The community behind blockchain protocol Waves has voted to reboot non-custodial lending protocol Vires.Finance following the depegging of the Waves stablecoin USDN back in April.
At that time, the dollar-pegged cryptocurrency fell as low as $0.68, wiping out millions in value for holders.
As the contagion gripped Waves and Vires.Finance, it became impossible for investors to withdraw their funds from the Vires.Finance, a lending platform akin to Aave or Compound, resulting in $500 million worth of lost funds.
In an attempt to revive Vires.Finance and reimburse lost funds, governance token holders have passed a vote, launching the so-called DeFi Revival Plan.
It’s a multi-pronged plan, too. For governance token holders possessing more than $250,000 in their Vires accounts, they’ll be given two options for how to be reimbursed, according to the proposal.
The first option involves swapping their holdings in exchange for Waves’ algorithmic stablecoin Neutrino (USDN), with a 365-day vesting period and a 5% liquidation bonus.
The second option would allow governance token holders to remain on the platform, but they would earn 0% APY for all USDC- or USDT-denominated funds above $250,000.
Additionally, Waves’ founder Sasha Ivanov would continue to liquidate USDN to repay the $500 million worth of debt incurred by investors by absorbing USDN loans into his own wallet.
Calling out “institutional greed,” Ivanov has thanked the “loyal and decisive community that always has the last word in the matter.”
All eyes on stablecoins, DeFi
The collapse of a lending protocol and associated algorithmic stablecoins has become something of a theme in 2022.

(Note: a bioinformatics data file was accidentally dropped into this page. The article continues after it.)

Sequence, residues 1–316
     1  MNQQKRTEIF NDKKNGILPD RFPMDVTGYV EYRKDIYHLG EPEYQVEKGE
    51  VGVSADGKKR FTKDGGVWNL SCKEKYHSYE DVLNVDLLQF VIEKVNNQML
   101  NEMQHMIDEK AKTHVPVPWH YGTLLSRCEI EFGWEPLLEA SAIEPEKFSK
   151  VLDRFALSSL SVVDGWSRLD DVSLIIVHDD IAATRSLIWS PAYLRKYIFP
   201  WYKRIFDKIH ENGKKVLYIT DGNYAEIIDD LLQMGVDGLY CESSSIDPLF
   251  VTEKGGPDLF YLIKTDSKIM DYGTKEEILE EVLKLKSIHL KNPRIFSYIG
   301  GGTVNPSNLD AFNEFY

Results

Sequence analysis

Algorithmic stablecoins, which can offer comparatively higher returns, are neither fully backed nor fractionally backed by hard dollars. Instead, they rely on code to predict how people will react to macroeconomic and market momentum.
In stark contrast to this kind of stablecoin are the collateralized offerings from Tetherand Circle, who both service USDT and USDC, respectively.
Since the code that underlines such stablecoins is written by people, it’s extremely difficult to create a perfectly autonomous set of code that can contend with all market eventualities. Perhaps the most infamous example of a floundering algorithmic stablecoin was Terra’s UST.
Just after USDN fell below its peg in April, Terra, which serviced the stablecoin UST and a native governance token LUNA, also imploded, wiping out over $40 billion. The wipeout led to the demise of various crypto firms, including, Celsius, Voyager, 3AC, and others.
Terra’s implosion also triggered intense regulatory scrutiny given the size of its collapse.
U.S. treasury secretary Janet Yellen immediately called for the regulation of stablecoins, and UK regulators introduced the Financial Services and Markets Bill bringing stablecoins into the remit of regulators.
Like central banks, academics too have taken an interest in the mechanics of stablecoins. A 2022 research paper by Ben Charoenwong, Robert Kirby, and Jonathan Reiter suggests the only type of stablecoin that guarantee to hold its dollar peg is one fully backed by hard cash and short-term debt.
And as Both Terra and Waves have revealed, algorithmic stablecoins represent a high-risk and unstable enterprise.
At present, USDN still remains slightly under its peg at $0.99, while WAVES and VIRES are trading at $5.66 (down 6%) and $22.66 (up 0.76%), respectively.
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